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What Happens to Your Mortgage if You Divorce? – By Jessica Walter

Divorce is stressful no matter the circumstances, but one of the biggest causes of stress is wondering what will happen to the house. In most cases, that house still has a mortgage on it, making its disposition even more complex.

If your house is jointly owned with your spouse, and you still owe money on a mortgage, both you and your spouse are responsible for the mortgage. That means that if the mortgage is not paid promptly, regardless of who is at fault for the non-payment, the credit ratings of both of you will be damaged.

First Steps

The first thing to decide is what will happen to the house.

One of you could live in it, or you could sell it. The answer to this question will determine what happens to your mortgage following the divorce.

If you decide to sell the house, the mortgage will be satisfied when the house is sold. If you sell the house for more than the amount you owe on the mortgage, you will pay off the mortgage and split the remaining money, unless your divorce agreement outlines a different disposition of the remaining money.

Selling a house takes time, so you will need to decide how the mortgage will get paid until the house is sold. If you and your spouse each agree to pay half, make sure you both keep up with the payments to prevent damage to your credit.

Running into Difficulties

If you think you will have trouble making the mortgage payments, or if you don’t think you will be able to sell your home for more than the amount still due on the mortgage, call your bank immediately. Explain the situation in as much detail as you can. Most banks will try to work with you to find a solution that everyone can live with.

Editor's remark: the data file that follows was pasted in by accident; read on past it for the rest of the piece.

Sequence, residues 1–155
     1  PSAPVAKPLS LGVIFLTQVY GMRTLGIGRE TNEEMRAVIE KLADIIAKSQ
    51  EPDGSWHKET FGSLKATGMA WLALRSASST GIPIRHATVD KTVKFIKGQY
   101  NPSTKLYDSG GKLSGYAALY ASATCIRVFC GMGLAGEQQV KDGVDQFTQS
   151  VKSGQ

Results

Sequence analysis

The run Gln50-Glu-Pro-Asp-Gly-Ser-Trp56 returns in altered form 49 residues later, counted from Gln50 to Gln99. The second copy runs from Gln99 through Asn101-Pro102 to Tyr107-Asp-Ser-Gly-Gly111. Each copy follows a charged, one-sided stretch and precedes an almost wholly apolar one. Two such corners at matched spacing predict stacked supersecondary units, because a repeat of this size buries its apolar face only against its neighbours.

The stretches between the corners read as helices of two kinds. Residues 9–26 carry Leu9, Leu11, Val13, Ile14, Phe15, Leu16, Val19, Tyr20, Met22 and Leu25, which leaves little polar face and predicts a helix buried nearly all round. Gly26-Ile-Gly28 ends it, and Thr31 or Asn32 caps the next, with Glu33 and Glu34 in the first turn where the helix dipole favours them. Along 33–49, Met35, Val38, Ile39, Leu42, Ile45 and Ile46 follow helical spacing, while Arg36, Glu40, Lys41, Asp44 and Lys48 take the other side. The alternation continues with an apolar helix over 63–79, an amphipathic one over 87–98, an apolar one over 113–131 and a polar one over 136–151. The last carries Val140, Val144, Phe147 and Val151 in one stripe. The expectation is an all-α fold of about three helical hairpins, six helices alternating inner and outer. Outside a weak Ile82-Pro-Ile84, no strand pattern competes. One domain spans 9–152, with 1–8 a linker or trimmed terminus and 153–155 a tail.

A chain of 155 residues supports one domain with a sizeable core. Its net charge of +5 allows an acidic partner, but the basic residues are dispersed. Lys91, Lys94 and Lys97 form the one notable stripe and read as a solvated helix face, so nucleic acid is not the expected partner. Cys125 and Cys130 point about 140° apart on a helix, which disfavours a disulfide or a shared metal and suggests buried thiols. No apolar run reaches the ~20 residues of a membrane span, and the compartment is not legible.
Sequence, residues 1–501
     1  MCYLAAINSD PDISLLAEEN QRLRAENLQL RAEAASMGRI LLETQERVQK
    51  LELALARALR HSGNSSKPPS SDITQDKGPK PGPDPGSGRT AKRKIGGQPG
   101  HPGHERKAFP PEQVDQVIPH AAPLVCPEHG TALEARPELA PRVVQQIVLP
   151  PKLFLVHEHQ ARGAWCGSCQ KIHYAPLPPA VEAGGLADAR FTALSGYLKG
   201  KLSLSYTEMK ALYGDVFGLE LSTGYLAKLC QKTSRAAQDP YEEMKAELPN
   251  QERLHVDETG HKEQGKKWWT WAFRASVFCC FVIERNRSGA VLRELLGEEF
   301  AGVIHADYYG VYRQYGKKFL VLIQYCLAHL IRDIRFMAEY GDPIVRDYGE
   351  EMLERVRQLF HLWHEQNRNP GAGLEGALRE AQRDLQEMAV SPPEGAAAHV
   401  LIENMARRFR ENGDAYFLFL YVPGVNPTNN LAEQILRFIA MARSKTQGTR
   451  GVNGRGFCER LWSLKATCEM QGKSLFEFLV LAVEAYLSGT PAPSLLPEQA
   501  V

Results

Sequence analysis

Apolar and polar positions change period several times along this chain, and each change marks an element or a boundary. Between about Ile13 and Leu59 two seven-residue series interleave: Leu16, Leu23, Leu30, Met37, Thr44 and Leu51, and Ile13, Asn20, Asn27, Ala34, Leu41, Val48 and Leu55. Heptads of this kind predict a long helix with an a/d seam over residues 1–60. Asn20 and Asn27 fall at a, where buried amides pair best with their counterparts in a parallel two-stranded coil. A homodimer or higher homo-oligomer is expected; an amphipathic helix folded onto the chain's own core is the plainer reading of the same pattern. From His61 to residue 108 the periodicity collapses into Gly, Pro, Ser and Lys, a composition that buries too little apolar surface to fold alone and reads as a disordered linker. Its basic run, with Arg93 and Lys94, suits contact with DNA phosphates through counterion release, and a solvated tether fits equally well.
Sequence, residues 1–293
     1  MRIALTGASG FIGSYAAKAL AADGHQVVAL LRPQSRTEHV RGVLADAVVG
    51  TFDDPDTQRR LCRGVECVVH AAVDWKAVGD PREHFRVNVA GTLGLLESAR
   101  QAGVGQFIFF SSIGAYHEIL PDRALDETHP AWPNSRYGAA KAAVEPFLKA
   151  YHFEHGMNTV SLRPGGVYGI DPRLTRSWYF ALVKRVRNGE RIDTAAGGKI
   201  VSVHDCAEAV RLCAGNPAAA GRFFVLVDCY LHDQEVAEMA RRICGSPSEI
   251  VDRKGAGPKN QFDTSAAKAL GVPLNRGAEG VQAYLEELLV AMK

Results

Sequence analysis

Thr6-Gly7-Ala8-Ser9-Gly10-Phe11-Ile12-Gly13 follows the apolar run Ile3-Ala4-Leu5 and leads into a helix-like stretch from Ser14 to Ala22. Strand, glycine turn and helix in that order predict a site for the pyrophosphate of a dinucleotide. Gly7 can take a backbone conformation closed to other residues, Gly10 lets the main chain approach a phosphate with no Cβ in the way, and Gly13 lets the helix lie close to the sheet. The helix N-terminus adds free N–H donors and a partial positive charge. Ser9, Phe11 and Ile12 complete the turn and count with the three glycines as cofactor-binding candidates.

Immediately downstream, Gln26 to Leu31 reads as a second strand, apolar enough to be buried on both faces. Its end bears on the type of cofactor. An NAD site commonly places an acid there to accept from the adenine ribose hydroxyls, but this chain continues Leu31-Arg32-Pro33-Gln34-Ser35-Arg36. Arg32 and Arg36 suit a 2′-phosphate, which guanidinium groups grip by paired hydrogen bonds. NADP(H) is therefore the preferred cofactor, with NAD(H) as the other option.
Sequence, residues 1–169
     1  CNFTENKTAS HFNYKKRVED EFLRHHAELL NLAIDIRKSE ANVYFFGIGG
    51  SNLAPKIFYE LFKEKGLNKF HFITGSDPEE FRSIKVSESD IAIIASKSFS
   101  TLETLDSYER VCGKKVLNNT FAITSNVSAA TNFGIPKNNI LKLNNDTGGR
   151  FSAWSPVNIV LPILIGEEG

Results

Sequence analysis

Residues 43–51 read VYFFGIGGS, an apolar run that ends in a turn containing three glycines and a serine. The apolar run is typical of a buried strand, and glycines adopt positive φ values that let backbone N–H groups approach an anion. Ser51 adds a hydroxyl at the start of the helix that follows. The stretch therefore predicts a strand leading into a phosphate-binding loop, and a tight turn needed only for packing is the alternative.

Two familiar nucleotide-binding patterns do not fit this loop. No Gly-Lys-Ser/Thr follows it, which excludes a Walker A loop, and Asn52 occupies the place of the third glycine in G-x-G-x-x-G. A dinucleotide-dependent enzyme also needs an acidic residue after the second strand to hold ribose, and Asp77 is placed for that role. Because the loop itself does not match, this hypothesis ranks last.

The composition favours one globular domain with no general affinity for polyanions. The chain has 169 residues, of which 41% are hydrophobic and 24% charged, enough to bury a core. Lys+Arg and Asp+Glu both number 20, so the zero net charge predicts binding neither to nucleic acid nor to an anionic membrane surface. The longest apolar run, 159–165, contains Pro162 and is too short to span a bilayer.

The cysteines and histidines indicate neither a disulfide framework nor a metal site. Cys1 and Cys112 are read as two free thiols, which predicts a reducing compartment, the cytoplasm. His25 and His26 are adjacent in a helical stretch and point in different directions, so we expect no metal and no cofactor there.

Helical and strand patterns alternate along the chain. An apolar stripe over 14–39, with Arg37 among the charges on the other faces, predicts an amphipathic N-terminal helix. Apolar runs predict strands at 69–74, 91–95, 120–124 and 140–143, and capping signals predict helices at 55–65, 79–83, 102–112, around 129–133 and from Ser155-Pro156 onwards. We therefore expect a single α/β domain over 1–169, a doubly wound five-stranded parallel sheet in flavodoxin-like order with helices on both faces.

If one of you wants to stay in the house, that spouse will have to buy out the other spouse’s share, unless the divorce agreement stipulates otherwise. This doesn’t necessarily mean writing a big cheque, however. The spouse who wants to stay in the home can ‘trade’ their share of other joint assets in exchange for the house.

For example, if your house is paid up and worth £400,000 and one spouse has a retirement savings account worth £500,000, one spouse might keep the house and £50,000 of the retirement account, while the other spouse gets £450,000 from the retirement account.

If there is still a mortgage on the house, figure the value of the house less the amount of the mortgage. The spouse who keeps the house will also have to keep the mortgage and will have to show the bank that they can pay it.

Your mediator will help you work through the details of your particular situation, but just knowing what your options are will reduce the stress of a divorce.

By Jessica Walter